Americans Prefer Living Farther Apart

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Americans today prefer to live in a community where “houses are larger and farther apart, but schools, stores and restaurants are several miles away.” This is just contrary to their thought two years back, according to a new study by the Pew Research Center.

The Pew centre pointed out that earlier the Americans preferred to live somewhere with smaller houses that are “closer to each other, but schools, stores and restaurants are within walking distance.”

THE SHIFT

The survey showed that the shift was mainly because of Covid 19 pandemic and the accompanying period of telework, remote schooling and pandemic-related restrictions on indoor dining and other indoor activities.

The Pew centre Survey showed that six-in-ten U S adults prefer to live in a community with larger homes with greater distances to retail stores and schools. This is seven percentage points higher than 2019.

REPUBLICANS AND DEMOCRATS

Republicans and Republican leaning independents are more likely than Democrats and Democratic leaning people to say they want to live in a community with larger houses even if there are greater distances to schools, shops and restaurants. The survey noted that 73 per cent of Republicans said so where as only 65 per cent of them said so in 2019. About 49 per cent of Democrats told the survey that they preferred to live in a more widely spaced community.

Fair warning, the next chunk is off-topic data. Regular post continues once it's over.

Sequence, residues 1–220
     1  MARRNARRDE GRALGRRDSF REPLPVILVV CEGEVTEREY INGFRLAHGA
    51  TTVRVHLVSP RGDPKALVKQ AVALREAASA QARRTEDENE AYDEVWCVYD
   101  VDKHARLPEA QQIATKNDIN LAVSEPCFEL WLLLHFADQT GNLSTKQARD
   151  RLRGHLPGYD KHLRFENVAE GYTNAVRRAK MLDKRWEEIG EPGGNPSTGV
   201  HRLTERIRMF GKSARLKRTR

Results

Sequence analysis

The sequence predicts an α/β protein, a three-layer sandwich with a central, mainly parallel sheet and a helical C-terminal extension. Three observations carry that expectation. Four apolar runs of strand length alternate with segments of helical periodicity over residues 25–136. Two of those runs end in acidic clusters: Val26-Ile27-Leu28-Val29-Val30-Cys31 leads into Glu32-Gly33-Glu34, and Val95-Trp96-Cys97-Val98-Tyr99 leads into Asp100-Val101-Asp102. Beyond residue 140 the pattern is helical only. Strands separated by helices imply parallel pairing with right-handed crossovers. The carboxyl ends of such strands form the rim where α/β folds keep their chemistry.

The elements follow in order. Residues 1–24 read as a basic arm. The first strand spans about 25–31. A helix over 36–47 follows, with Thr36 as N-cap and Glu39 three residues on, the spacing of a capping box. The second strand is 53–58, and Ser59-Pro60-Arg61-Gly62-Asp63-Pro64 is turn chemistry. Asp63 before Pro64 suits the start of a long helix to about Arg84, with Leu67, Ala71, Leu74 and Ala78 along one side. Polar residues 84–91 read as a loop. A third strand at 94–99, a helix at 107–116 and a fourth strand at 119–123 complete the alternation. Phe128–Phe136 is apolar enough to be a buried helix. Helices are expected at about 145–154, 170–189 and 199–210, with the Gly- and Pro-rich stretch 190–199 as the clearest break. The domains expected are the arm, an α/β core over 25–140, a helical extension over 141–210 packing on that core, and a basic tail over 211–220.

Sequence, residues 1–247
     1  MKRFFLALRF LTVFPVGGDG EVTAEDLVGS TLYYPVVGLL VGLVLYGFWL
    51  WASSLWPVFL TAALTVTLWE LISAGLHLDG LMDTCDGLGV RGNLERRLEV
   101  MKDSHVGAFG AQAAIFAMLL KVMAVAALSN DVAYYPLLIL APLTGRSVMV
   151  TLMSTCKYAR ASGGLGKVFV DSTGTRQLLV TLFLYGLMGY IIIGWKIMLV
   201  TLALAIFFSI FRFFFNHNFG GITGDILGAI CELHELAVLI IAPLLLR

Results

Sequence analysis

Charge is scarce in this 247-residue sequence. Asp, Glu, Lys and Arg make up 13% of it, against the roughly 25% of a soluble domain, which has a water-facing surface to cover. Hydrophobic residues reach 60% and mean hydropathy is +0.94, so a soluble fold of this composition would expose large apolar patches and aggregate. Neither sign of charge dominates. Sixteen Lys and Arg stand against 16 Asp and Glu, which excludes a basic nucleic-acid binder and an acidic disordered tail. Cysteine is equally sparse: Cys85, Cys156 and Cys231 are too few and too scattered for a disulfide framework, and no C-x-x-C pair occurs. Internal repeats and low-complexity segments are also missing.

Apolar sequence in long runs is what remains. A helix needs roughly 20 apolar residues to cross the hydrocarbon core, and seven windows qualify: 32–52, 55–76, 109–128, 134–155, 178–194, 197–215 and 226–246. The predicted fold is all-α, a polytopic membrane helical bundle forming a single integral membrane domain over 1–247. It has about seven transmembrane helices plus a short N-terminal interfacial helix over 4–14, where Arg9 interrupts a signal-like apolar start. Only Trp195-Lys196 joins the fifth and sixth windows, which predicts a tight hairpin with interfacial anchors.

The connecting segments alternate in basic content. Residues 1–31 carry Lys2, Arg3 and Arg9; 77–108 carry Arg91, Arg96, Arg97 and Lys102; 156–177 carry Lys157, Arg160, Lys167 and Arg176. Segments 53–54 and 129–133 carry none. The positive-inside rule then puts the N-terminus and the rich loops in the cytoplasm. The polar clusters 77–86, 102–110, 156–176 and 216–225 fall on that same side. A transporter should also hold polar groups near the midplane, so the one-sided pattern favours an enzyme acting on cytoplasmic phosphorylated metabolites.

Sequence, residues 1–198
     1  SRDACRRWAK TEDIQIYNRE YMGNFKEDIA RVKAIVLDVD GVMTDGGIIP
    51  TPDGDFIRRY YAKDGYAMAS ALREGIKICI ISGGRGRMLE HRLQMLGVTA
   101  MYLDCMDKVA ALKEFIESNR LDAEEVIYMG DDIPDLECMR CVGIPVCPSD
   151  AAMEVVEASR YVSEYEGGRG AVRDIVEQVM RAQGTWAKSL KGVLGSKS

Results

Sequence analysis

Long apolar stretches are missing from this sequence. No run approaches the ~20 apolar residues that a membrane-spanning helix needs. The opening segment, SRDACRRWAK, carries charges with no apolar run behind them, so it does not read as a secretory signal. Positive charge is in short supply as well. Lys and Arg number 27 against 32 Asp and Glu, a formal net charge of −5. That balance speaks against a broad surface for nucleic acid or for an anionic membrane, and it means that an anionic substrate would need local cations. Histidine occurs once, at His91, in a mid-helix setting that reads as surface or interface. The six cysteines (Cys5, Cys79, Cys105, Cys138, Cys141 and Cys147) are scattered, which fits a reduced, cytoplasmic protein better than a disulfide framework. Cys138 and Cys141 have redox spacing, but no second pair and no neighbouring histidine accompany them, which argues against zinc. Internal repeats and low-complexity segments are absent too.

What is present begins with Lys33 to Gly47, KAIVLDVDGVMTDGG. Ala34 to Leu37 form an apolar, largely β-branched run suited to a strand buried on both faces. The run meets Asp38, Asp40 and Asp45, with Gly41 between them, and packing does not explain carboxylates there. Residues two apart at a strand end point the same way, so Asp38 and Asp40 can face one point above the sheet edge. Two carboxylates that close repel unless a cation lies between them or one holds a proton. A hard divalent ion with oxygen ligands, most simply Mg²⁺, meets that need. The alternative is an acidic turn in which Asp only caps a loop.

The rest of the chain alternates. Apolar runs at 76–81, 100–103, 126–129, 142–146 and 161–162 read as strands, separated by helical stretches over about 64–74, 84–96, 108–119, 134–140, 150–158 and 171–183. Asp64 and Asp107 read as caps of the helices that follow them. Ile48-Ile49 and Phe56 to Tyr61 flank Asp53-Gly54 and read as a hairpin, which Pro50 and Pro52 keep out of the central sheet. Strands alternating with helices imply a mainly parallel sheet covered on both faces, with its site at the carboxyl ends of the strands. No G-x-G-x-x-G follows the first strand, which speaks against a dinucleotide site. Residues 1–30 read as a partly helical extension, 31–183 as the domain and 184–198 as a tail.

COMMUNITIES

About 74 per cent of American citizens who describe their own communities as rural say they would prefer to live in places where houses are larger and farther apart. The survey pointed out that 59 per cent of suburban Americans preferred places with larger houses. Americans in urban communities are about evenly split: 49 per cent say they prefer a community with larger houses that are farther from schools, stores and restaurants and 50 per cent preferred a community with smaller houses, closer to schools, stores and restaurants.

Majorities of White (63 per cent), Black (60 per cent) and Hispanic adults (56 per cent) preferred communities that are more spread out. About six-in-ten Asian American adults preferred to live in communities with smaller houses that are closer together, with greater proximity to schools, stores and restaurants.

AGE GROUP AND EDUCATION

The survey found that majority of the people in all age groups preferred communities that are more widely spaced. Americans with a college degree – particularly those with postgraduate degrees – are less likely than those with less formal education to express a preference for communities with larger houses that are farther apart.

 

 

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